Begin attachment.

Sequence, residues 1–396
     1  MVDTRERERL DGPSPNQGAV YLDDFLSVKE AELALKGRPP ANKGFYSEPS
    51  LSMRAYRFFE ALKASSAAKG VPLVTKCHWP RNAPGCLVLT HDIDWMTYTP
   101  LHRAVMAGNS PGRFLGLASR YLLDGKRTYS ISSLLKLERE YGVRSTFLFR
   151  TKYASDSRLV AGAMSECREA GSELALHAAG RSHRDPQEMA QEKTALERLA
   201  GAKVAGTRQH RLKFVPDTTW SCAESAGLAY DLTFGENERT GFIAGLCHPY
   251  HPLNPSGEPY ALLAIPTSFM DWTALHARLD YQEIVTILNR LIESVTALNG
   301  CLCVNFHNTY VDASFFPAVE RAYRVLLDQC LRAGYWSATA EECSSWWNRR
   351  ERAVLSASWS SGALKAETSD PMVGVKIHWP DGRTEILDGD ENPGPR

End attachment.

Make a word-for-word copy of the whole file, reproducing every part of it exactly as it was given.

Sequence, residues 1–396
     1  MVDTRERERL DGPSPNQGAV YLDDFLSVKE AELALKGRPP ANKGFYSEPS
    51  LSMRAYRFFE ALKASSAAKG VPLVTKCHWP RNAPGCLVLT HDIDWMTYTP
   101  LHRAVMAGNS PGRFLGLASR YLLDGKRTYS ISSLLKLERE YGVRSTFLFR
   151  TKYASDSRLV AGAMSECREA GSELALHAAG RSHRDPQEMA QEKTALERLA
   201  GAKVAGTRQH RLKFVPDTTW SCAESAGLAY DLTFGENERT GFIAGLCHPY
   251  HPLNPSGEPY ALLAIPTSFM DWTALHARLD YQEIVTILNR LIESVTALNG
   301  CLCVNFHNTY VDASFFPAVE RAYRVLLDQC LRAGYWSATA EECSSWWNRR
   351  ERAVLSASWS SGALKAETSD PMVGVKIHWP DGRTEILDGD ENPGPR